NEW YORK Turkey is ramping up efforts to boost domestic collections of ferrous scrap in order to reduce its dependence on scrap imports, according to the Turkish Iron and Steel Producers Association.
The country remains the worlds largest importer of ferrous scrap, and though that scenario is unlikely to change for some years, the Turkish government and steel industry will look to boost domestic scrap collections and processing through measures like incentives, said Veysel Yayan, general secretary of the trade association.
Speaking to AMM on the sidelines of the recent Steel Success Strategies XXVIII conference in New York, Yayan said that the country has already made some progress in improving flows from domestic scrap companies directly into steel mills.
"Now there are big scrap collectors," he said, citing incentives from the Turkish government that have helped improve scrap collections in the country over the past five years. "Theyre collecting, processing and delivering to the steel producers."
Namik Ekinci, chairman of the Turkish Steel Exporters Association, called it a work in progress but said the efforts have delivered some positive results to date.
"Were talking with the government on (how to improve domestic scrap generation and collection). In different parts of Turkey, there will be (better) scrap collection," Ekinci told AMM.
Yayan said several international scrap companies have also set up collection facilities in Turkey with more recyclers from Europe expected to establish Turkish collection and processing bases in the coming months.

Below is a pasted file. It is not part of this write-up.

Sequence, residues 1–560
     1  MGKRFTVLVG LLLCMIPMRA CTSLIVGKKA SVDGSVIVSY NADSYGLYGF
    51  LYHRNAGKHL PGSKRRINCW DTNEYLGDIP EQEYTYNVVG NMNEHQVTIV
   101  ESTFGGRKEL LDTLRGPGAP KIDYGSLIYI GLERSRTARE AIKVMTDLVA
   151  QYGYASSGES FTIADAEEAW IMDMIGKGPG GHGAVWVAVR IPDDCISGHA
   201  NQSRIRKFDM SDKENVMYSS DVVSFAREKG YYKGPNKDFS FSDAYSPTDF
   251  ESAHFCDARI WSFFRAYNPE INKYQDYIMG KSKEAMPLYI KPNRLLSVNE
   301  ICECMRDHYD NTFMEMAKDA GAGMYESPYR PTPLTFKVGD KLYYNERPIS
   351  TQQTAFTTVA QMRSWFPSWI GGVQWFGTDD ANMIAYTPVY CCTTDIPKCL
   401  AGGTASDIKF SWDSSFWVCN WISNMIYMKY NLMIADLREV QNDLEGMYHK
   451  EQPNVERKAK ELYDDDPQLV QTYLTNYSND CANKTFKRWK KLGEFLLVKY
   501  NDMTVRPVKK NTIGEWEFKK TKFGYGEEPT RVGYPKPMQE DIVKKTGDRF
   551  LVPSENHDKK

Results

Government regulations and incentives triggered the "more intensive" collection of scrap in Turkey, he said. "The rate of scrap collection increased from 22 percent to 30.2 percent during the past five years. The domestic scrap volume is now at around 10 million (tonnes), and its increasing every year," he said.
The country hopes that current measures will push domestic scrap collection rates to around 40 percent in the next year or two, he added.
Turkey will take a two-pronged approach to reduce its reliance on scrap imports, the executives said. In addition to improving domestic scrap recycling, Turkeys mills have also increased their interest in scrap alternates.
"Were willing to look at additional inputs, such as HBI (hot-briquetted iron), pellets, alternate irons, steel nuggets and existing non-utilized iron ore reserves," Yayan said.
Discussions are also underway on projects aimed at improving the purity of iron ore produced in Turkey, he said.
"Some projects (on alternate irons) are under consideration. There are some steel nugget projects (and) some to increase of the purity of the iron ore. (Purity) is at around 40 to 45 percent today. Theyre trying to increase it to 60 to 65 percent," he said.
Ekinci noted that Turkish mill will consume domestic alternates "as long as theyre economically viable."
At the same time, some Turkish companies are studying the feasibility of partnerships with other countries that have available raw material resources, Ekinci said.